Alasdair Lane is a freelance journalist based in Glasgow, Scotland.

There was a moment, five days before 2014’s historic vote on Scottish independence, when the contest came alive. Electrified by an opinion poll that put the rival camps neck-and-neck, supporters of both sides poured onto the streets in a deluge of democratic fervor. A carnival atmosphere engulfed Glasgow, Scotland’s largest city, as activists made their final, thunderous push for victory. The referendum was clinched, days later, by the unionists.

Today, my hometown feels a little different. Buchanan Street — the onetime epicenter of “IndyRef” activism — is shuttered and silent. The periodic protests against London rule have ceased. Scotland, like much of the world, is confined by covid-19.

Yet, for all its practical prohibitions, the pandemic has ignited fresh debate around Scottish independence, forcing both sides to rework arguments upended by Britain’s public health catastrophe.

The coronavirus outbreak has been a disaster for Britain. The country trails only the United States in mortality, with more than 37,000 (perhaps many more) dead. As is often the case in times of adversity, the crisis has galvanized a sense of solidarity between the United Kingdom’s four nations, each facing off with the same implacable enemy, each indebted to the heroes of the National Health Service.

But empathy and understanding needn't necessitate political union. Sovereign states can be close and compassionate friends. And, as many Scots have rightly asked, what value is kinship when it comes at the cost of mismanagement?

With shortcomings in shielding the elderly, a tardy approach to mass testing and an utter failure to procure sufficient personal protective equipment, the British government’s coronavirus response has been roundly rebuked — not least by Scottish nationalists. Would an independent Scotland have handled the crisis better? Nimbler than their larger neighbors, small, unitary states do seem to have weathered the storm comparatively well, if per-capita deaths are an accurate measure.

For now, Nicola Sturgeon, Scotland’s pro-independence first minister, has managed to maintain her reputation as resolute, meticulous and emotionally intelligent. Her sharp, no-nonsense approach has won plaudits with the public: Three-quarters of Scots polled in late April said Sturgeon’s team had handled the crisis well. Far fewer — just 47 percent — extended that praise to the British government, led by Prime Minister Boris Johnson.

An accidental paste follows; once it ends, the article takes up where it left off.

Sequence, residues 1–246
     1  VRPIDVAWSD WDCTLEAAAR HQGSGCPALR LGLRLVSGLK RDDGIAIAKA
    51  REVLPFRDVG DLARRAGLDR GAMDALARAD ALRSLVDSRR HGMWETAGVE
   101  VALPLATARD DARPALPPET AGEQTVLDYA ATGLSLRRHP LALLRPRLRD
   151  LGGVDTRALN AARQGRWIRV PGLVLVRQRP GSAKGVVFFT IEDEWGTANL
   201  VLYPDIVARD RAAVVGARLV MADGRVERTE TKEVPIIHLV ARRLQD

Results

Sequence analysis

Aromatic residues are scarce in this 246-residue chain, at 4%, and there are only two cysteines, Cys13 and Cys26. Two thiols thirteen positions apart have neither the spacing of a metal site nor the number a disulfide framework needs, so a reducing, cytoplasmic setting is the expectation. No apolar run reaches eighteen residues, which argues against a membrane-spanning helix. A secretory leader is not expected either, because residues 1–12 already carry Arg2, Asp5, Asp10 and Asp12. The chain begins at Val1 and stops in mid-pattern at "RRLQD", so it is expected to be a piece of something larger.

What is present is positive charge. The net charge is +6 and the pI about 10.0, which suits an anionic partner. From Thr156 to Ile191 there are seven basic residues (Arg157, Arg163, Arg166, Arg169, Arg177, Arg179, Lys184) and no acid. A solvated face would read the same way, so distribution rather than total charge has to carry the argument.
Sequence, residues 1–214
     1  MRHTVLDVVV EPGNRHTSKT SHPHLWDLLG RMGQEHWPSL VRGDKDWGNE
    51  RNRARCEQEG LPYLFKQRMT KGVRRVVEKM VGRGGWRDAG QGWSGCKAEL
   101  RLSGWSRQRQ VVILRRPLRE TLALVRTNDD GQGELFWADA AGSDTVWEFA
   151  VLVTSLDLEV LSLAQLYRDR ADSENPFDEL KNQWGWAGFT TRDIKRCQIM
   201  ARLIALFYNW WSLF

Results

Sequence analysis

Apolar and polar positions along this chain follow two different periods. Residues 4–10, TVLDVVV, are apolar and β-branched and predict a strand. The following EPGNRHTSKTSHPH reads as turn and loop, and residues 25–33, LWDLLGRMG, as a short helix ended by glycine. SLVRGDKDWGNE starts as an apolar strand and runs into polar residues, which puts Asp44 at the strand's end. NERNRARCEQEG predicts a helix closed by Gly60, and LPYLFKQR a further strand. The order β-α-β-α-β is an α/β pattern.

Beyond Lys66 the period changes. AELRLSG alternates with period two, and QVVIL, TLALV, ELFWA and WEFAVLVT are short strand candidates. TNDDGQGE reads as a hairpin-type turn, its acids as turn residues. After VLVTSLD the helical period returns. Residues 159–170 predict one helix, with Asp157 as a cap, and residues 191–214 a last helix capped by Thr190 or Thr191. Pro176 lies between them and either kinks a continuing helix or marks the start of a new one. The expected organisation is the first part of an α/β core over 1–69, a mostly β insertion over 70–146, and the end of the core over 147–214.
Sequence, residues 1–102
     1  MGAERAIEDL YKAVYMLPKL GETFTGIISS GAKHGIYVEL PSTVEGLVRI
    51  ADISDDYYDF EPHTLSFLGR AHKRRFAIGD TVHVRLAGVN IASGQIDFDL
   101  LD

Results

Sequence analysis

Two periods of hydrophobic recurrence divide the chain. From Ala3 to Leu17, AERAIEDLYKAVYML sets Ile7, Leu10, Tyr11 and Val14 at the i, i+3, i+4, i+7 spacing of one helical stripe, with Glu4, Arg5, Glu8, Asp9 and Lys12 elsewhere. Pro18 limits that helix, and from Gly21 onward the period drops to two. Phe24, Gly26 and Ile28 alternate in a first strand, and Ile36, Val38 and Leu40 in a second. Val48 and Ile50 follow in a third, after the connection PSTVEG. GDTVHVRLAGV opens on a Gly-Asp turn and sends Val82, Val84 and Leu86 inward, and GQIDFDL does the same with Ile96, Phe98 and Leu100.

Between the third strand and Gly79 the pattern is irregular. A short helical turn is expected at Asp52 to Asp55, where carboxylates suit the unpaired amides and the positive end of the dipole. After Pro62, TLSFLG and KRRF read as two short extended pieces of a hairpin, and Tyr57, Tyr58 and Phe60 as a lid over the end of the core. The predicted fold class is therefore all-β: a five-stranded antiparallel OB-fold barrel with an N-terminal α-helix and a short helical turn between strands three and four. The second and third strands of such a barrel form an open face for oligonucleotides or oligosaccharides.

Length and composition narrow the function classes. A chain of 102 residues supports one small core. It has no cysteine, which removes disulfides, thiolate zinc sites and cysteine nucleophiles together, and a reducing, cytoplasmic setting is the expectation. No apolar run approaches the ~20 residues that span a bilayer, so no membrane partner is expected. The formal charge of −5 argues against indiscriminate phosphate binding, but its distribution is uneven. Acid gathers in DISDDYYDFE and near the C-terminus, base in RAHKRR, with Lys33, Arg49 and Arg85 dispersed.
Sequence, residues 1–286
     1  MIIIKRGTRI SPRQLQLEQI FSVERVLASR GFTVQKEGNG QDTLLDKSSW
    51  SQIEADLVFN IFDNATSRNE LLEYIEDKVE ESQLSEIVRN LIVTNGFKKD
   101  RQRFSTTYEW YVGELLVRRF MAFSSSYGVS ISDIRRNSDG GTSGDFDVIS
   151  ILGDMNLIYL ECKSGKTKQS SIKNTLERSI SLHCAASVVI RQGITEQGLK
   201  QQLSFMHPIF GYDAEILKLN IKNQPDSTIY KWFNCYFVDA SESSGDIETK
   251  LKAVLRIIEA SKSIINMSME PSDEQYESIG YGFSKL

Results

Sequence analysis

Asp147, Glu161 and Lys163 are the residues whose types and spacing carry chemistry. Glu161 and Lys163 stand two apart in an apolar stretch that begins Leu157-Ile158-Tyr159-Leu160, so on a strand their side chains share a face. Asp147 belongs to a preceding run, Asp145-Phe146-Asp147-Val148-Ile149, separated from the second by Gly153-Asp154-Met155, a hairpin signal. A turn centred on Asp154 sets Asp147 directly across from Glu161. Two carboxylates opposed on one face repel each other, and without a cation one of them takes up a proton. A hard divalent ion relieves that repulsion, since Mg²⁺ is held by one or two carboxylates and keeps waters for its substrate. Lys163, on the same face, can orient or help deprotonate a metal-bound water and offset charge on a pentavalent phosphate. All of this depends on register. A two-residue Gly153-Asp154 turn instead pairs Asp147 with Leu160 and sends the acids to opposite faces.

This divide widened when Johnson decided to ease lockdown rules in England without prior consultation with authorities in Scotland (or, for that matter, Wales or Northern Ireland). Sturgeon was quick to dismiss his new — and widely derided — “Stay Alert” message, a move that underscored both her personal authority and the core principles of self-governance.

And then there is the Dominic Cummings affair. Whether or not Johnson’s chief aide flouted his own rules by sidestepping government orders to stay at home and driving 260 miles to self-isolate outside of London, the debacle has riled an awful lot of Scots incensed at the apparent double standard.

That, of course, isn’t to say that Sturgeon hasn’t suffered her own scandals. Scotland’s former chief medical officer Catherine Calderwood confessed to a similar infraction as Cummings, and Sturgeon has been assailed for an alleged coverup of an early covid-19 outbreak in Edinburgh, the Scottish capital (though she has maintained all procedures were followed). And because the Scottish government has enjoyed significant autonomy in fighting the virus, it must account for some truly fatal errors — particularly with the nation’s care homes, 60 percent of which have been blighted by the virus.

In the independence debate, these controversies really cut through; confidence in the government is vital to anyone weighing up constitutional change. But for many voters, there’s something that matters more: money.

The coronavirus has shown the British state’s formidable financial clout, dredging up stratospheric sums to keep businesses afloat. Without the United Kingdom’s deep pockets, would Scotland have been able to safeguard jobs so fulsomely? We may never know.

The imminent fiscal fate of the U.K. economy is more obvious. A deep recession — perhaps the deepest ever — rumbles nearer every day, experts warn. For Scottish nationalists, that’s bad news. In 2014, their efforts to assuage economic fears fell flat, and that was when times were good. Today, oil and gas sales — cornerstones of Scotland’s wealth — have slumped, while the nation’s budget deficit remains high.

Facing a financial crisis unfathomable in scale, Sturgeon and co. will surely struggle to justify separation from the United Kingdom, an enterprise most agree will be costly in the short term at least. Yet Brexit carried comparable economic health warnings, and it won the day. Heart over head, passion before policy, emotion above economics — that’s how insurgent campaigns prevail, and that’s why the case for Scottish independence shouldn’t be discounted, financial meltdown or not.

So, as the pivotal 2021 Scottish Parliament election approaches — when nationalism is next tested at the ballot box — expect the conversation to be fixed firmly on covid-19. Whatever happens, Scottish independence will now inevitably be viewed through the prism of pandemic.

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